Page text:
Wednesday Walk: Loving What You Do
Welcome to Willoughby Hills!
In case you missed it, I rebranded Quarantine Creatives to provide a bigger umbrella for writing that is no longer just about the pandemic.
While the name of the newsletter may have changed, the format will still be very familiar. Wednesday Walks will continue every week, where I share random thoughts and tidbits, with links to let you do some exploring.
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I hope this first week of 2023 is off to a good start for you. Here in the Northeast, we’re coming off of a few days of unexpectedly warm weather, which gave me a chance to tackle an early RV project.
Our motorhome came with three skylights which crank open to allow for some ventilation, although when it gets hot in the summer, they don’t lower the inside temperature as much as I’d hoped.
Back in November, I purchased some mechanical vent fans on sale. These particular models are made by MaxxAir, they operate off 12volt power (meaning I don’t need to be at a campsite to run them), and they have a built in rain shield that allow the vents to remain open and the fans to run in all weather.
I hadn’t planned to install these until the spring, but the warm weather was a good opportunity to get ahead of some of my RV projects before camping season starts.
We’re coming up on two years of RV ownership and are really starting to find our groove as campers, understanding what projects are necessities for the way we like to camp.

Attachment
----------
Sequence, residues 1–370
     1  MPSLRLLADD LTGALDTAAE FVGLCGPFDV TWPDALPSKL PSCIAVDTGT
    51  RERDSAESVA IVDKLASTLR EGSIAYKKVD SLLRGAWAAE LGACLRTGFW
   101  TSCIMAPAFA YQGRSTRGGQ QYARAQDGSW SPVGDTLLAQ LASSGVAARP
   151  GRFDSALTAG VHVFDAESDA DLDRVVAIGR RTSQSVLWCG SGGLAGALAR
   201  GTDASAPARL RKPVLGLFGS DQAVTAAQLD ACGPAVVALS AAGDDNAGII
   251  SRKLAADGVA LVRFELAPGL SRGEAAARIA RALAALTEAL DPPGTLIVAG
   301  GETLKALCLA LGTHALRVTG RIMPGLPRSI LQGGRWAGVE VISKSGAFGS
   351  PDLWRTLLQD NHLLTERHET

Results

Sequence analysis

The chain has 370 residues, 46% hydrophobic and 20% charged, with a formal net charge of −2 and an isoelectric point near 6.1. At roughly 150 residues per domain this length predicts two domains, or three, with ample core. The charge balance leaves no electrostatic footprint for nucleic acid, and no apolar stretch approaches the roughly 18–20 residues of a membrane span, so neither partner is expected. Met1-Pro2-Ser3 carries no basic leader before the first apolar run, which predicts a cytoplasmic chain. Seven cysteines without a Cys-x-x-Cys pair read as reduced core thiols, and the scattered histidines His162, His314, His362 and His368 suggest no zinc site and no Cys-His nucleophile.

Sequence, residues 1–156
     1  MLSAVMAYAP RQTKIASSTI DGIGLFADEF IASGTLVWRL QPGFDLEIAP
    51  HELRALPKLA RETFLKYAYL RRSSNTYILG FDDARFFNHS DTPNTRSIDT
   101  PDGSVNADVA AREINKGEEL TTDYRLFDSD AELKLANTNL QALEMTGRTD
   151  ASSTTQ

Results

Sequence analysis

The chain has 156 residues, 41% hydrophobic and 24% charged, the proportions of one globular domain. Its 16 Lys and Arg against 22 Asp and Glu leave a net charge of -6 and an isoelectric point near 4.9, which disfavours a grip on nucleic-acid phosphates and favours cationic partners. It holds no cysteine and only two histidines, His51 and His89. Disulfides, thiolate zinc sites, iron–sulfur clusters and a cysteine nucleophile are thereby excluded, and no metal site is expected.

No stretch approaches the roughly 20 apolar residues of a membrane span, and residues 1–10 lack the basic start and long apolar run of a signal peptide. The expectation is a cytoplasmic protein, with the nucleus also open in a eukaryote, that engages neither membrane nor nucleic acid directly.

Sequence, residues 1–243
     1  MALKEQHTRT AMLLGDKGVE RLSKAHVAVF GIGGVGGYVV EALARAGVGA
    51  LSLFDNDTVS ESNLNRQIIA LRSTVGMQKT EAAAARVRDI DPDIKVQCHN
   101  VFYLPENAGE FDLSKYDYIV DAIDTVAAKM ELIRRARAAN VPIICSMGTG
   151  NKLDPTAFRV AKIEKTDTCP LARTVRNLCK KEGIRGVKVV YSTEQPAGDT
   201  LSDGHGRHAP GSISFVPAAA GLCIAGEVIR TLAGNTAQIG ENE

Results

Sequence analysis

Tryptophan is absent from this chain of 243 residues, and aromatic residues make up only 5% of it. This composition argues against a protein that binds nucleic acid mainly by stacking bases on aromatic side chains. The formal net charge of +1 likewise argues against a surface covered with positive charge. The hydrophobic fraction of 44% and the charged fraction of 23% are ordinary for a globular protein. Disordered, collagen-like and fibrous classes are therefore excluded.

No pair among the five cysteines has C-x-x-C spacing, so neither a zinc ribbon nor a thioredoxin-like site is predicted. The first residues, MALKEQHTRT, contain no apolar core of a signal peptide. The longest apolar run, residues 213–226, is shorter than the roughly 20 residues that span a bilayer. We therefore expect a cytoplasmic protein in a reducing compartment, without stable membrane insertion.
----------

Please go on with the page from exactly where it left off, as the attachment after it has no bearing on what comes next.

For example, we learned that we prefer staying with Harvest Hosts instead of busy campgrounds. Harvest Hosts sites are usually located at small family farms (though they can also be at wineries, museums, and golf courses). We are often the only campers on site, or are one of two or three families.
The only downside to Harvest Hosts locations are they do not offer any kind of hookups for electricity, water, or sewer. This meant that last summer, we did a lot of camping without air conditioning.
We stayed with Harvest Hosts for about 15 nights last year and experienced wineries, alpaca farms, and even a rural airport in West Virginia. For our family, these new vent fans mean greater comfort while staying off grid.
Also, as an aside, we just learned that as a fourth grader, my daughter (and our whole family) gets free admission to all National Parks through Every Kid Outdoors, so we’re starting to make our wishlist of places to visit this summer.
Turning the Page
A few weeks ago, I wrote about doing some Black Friday shopping at Barnes and Noble. I happened to visit a location in Pennsylvania that seemed preserved in the 1990s. At I wrote at the time:
“A store like this, with its two levels jammed with books, used to blow my mind as a teenager. Now, it felt oddly quaint in the era of Amazon. I wanted to root for this bookstore to survive, even if it seemed of a very different era.”